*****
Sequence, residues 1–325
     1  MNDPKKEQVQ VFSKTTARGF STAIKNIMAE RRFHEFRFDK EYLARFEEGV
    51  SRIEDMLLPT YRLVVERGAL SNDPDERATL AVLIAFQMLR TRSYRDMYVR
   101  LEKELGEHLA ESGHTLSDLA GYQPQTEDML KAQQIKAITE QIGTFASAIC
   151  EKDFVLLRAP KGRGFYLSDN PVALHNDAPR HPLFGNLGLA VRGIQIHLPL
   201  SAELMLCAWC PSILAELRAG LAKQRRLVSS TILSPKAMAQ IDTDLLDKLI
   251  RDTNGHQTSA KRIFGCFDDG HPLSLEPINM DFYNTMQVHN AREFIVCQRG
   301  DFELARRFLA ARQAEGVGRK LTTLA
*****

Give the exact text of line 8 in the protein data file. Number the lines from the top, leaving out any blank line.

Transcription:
   301  DFELARRFLA ARQAEGVGRK LTTLA